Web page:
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Ibn al-Amshāṭī’s al-Isfār ʿan ḥikam al-asfār
Critical Edition, Translation, and Commentary
Editor / Translator:
The fifteenth-century travel regimen entitled al-Isfār ʿan ḥikam al-asfār (‘The unveiling of the wisdoms of the books’) written by the Cairene jurist-physician Ibn al-Amshāṭī (d. 1496) is an interesting example of the postclassical medical literature. It includes, besides a travel regimen (written likely as a health guide for the pilgrimage to Mecca), a short pharmacopoeia of single and compound remedies deemed useful for the traveller.
The work was composed for Kamāl al-Dīn al-Bārizī (d. 1452), the head of the Mamluk Chancery. The Arabic edition, English translation, and commentary of this text are framed by a detailed introductory study of the Arabic-language tradition of travel regimens and various medico-pharmacological glossaries.
This volume highlights the importance of diverse voices and perspectives in understanding the history and heritage of psychiatry. Exploring the complex interrelations between psychiatry, heritage and power, Narrating the Heritage of Psychiatry complicates the pervasive biomedical narrative of progress in which the history of psychiatry is usually framed. By examining multiple perspectives, including those of users/survivors of mental health services, the anthology sheds light on neglected narratives and aims to broaden our understanding of psychiatric history and current practices. In doing so, it also considers the role of art, activism, and community narratives in reimagining and recontextualizing psychiatric heritage. This collection brings into conversation perspectives from practitioners as well as scholars from the humanities and social sciences.
Narratives and Mental Health offers a forum for dialogue between the arts, humanities and other disciplines interested in mental health and well-being.

Narrative is a central tool for meaning-making. Yet, its relevance has long been sidelined in the mental health sector including psychiatry, clinical psychology, medicine and social work.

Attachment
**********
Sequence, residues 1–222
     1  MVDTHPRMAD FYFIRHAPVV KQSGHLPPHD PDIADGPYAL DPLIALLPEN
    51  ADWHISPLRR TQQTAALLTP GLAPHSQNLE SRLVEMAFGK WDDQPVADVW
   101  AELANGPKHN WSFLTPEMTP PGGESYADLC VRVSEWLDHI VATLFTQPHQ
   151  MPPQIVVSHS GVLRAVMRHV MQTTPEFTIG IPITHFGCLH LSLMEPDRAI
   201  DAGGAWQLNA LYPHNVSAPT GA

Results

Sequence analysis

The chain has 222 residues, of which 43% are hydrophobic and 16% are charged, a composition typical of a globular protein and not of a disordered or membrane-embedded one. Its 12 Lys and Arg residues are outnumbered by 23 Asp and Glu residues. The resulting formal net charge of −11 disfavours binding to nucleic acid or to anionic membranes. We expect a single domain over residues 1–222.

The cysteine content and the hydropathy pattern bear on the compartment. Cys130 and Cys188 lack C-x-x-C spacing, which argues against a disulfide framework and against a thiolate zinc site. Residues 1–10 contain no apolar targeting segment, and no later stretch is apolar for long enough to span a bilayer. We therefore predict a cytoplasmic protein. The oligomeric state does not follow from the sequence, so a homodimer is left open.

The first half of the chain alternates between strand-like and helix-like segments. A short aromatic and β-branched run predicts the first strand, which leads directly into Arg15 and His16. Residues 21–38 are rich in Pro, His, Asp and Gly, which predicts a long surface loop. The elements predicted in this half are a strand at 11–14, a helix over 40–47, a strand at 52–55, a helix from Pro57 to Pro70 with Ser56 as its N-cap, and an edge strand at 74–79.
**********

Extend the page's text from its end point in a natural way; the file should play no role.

To explore the intersection of narratives and mental health, the peer-reviewed book series takes an interdisciplinary approach and accommodates studies which investigate, for one, the uses and usefulness, but also the possible limitations of narrative in mental health care settings. The series is also very interested in studies that examine mental health issues in the representation, conceptualization, medialization and dissemination of mental health-narratives in areas as varied as literature and life-writing, the arts and film, journalism and (oral) history, digital and graphic storytelling, and many more.

Monographs and themed volumes are invited that include perspectives from comparative literary studies, history, narratology, psychology and philosophy, amongst others.

Authors are cordially invited to submit proposals for manuscripts to the publisher at BRILL, Masja Horn.
Please advise our Guidelines for a Book Proposal.
Albert’s Early and Mature Psychophysiology in Light of His Arabic Sources
Does a plant shrink at night and swell in the day, like an animal breathing in and out? For a long time, the Galenic concept of spiritus provided a causal explanation for human and animal life and perception. Albert the Great (1200-1280), whose honorific acknowledges among other things his pioneering work on biology, extended the concept to plants. This is only one of the remarkable concepts studied in this book, the first comparative study of Albert's concept of spiritus. It unveils the Arabic roots of his early psychophysiology and the original developments found in his mature Aristotelian paraphrases.
Volume Editors: and
Can a scientific instrument be regarded as a failure? Why and how? By shedding light on the complexity of these questions, the volume marks a step forward in the way historical scientific instruments can be analysed and displayed.
The essays show how diverse failures can be, and how the assessment of scientific devices may change over time — some surprisingly becoming more successful. In addition to studies of how technical features led to failure, the authors examine the roles played by social bias and behaviour, commercial and economic circumstances, and political factors.
New Approaches to Recipe Literature
Carolingian Medical Knowledge and Practice explores the practicality and applicability of the medical recipes recorded in early medieval manuscripts. It takes an original, dual approach to these overlooked and understudied texts by not only analysing their practical usability, but by also re-evaluating these writings in the light of osteological evidence. Could those individuals with access to the manuscripts have used them in the context of therapy? And would they have wanted to do so? In asking these questions, this book unpacks longstanding assumptions about the intended purposes of medical texts, offering a new perspective on the relationship between medical knowledge and practice.